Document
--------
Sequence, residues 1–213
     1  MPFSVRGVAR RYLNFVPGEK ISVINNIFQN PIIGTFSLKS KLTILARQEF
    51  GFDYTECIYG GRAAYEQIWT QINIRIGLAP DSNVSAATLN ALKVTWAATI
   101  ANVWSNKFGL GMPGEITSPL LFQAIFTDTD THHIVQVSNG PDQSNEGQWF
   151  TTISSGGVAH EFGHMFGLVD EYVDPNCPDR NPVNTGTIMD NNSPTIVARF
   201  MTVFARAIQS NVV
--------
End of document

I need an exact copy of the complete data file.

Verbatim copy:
Sequence, residues 1–213
     1  MPFSVRGVAR RYLNFVPGEK ISVINNIFQN PIIGTFSLKS KLTILARQEF
    51  GFDYTECIYG GRAAYEQIWT QINIRIGLAP DSNVSAATLN ALKVTWAATI
   101  ANVWSNKFGL GMPGEITSPL LFQAIFTDTD THHIVQVSNG PDQSNEGQWF
   151  TTISSGGVAH EFGHMFGLVD EYVDPNCPDR NPVNTGTIMD NNSPTIVARF
   201  MTVFARAIQS NVV